After the invasion, Hitler entrusted the SS with extermination actions codenamed Operation Tannenberg and AB-Aktion to remove potential leaders who could form a resistance to German occupation. The killings were committed by Einsatzgruppen (task forces deployment groups), assisted by local paramilitary groups. Men for the Einsatzgruppen units were drawn from the SS, the SD, and the police. [116] Some 65,000 Polish civilians, including activists, intelligentsia, scholars, teachers, actors, former officers, and others, were killed by the end of 1939. [117] [118] When the army leadership registered complaints about the brutality being meted out by the Einsatzgruppen, Heydrich informed them that he was acting "in accordance with the special order of the Führer." [119] The first systematic mass shooting of Jews by the Einsatzgruppen took place on 6 September 1939 during the attack on Kraków. [120]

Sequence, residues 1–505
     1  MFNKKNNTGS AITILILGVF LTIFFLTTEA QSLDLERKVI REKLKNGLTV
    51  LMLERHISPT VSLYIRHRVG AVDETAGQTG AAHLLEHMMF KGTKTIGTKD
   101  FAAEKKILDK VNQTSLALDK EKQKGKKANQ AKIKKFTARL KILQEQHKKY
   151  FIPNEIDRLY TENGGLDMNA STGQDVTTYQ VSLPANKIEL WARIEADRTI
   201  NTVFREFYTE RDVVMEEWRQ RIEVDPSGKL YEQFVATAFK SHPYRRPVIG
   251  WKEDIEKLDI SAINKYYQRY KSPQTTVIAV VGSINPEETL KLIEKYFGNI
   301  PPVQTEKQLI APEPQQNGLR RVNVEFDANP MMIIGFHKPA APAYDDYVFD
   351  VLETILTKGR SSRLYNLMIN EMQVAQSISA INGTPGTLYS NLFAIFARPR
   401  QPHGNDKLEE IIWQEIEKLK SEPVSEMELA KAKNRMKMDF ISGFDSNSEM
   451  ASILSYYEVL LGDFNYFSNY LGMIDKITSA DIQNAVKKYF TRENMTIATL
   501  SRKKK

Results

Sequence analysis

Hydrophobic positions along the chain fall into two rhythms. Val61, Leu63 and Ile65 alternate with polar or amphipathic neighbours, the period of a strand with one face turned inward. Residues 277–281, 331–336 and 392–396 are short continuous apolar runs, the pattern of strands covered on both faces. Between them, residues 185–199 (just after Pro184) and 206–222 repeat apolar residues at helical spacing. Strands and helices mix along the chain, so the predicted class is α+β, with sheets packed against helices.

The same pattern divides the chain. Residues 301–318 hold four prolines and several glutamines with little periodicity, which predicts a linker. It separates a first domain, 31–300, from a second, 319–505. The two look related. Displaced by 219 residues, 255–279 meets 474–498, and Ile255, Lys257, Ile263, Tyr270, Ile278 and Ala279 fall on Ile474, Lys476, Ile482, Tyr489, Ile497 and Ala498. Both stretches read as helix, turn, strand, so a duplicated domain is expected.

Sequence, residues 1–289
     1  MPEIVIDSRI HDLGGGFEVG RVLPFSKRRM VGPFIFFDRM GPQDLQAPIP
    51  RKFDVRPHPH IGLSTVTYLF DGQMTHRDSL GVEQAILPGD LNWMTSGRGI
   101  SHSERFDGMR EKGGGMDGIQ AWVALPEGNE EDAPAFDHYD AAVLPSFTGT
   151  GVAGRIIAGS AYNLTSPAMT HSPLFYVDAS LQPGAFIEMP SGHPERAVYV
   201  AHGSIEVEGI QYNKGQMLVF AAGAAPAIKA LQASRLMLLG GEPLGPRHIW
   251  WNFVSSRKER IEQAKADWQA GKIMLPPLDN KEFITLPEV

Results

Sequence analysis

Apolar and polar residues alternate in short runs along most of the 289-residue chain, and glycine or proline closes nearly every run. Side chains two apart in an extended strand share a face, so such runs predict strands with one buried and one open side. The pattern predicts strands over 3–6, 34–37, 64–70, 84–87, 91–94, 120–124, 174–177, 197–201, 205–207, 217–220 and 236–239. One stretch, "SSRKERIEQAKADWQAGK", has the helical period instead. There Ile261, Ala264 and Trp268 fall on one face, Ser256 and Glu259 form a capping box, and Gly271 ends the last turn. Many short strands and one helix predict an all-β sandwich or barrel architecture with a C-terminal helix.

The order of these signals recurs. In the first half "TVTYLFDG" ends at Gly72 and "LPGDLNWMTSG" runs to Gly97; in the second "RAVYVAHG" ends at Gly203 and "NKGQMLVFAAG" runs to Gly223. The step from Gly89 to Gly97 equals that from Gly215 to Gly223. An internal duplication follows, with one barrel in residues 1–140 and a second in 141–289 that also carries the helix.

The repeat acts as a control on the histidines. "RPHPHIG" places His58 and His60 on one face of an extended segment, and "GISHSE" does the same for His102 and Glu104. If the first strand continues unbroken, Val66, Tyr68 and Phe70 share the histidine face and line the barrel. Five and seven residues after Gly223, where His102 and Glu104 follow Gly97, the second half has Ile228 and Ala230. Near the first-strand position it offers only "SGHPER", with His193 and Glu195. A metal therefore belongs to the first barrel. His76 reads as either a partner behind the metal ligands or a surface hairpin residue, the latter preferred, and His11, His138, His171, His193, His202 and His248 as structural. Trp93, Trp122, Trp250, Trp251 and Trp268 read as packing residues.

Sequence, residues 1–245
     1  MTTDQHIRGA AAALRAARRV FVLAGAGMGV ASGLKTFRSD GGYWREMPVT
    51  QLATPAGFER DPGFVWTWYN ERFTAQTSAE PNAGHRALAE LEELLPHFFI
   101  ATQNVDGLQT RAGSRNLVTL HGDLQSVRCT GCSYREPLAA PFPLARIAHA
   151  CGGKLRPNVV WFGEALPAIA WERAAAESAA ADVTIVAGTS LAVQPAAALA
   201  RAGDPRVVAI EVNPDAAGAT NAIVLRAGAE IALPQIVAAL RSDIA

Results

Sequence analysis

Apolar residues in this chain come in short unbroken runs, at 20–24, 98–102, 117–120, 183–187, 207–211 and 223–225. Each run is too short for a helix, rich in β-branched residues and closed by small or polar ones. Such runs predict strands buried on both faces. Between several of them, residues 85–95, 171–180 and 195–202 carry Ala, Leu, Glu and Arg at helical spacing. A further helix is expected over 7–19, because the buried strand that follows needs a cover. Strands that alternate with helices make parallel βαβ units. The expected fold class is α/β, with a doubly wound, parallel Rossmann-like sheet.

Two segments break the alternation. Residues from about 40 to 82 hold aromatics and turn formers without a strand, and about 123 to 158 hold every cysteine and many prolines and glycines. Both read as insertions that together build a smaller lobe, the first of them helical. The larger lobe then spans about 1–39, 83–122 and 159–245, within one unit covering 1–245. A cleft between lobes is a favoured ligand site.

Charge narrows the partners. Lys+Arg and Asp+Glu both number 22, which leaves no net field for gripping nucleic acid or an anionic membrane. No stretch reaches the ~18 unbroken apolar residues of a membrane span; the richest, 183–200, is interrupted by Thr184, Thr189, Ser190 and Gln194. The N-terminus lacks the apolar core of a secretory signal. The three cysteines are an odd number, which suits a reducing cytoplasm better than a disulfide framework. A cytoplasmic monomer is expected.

Satisfied with their performance in Poland, Hitler allowed further expansion of the armed SS formations, but insisted new units remain under the operational control of the army. [121] While the SS-Leibstandarte remained an independent regiment functioning as Hitler's personal bodyguards, the other regiments—SS-Deutschland, SS-Germania, and SS-Der Führer—were combined to form the SS-Verfügungs-Division. [122] [113] A second SS division, the SS-Totenkopf, was formed from SS-TV concentration camp guards, and a third, the SS-Polizei, was created from police volunteers. [123] [124] The SS gained control over its own recruitment, logistics, and supply systems for its armed formations at this time. [124] The SS, Gestapo, and SD were in charge of the provisional military administration in Poland until the appointment of Hans Frank as Governor-General on 26 October 1939. [125] [126]

Battle of France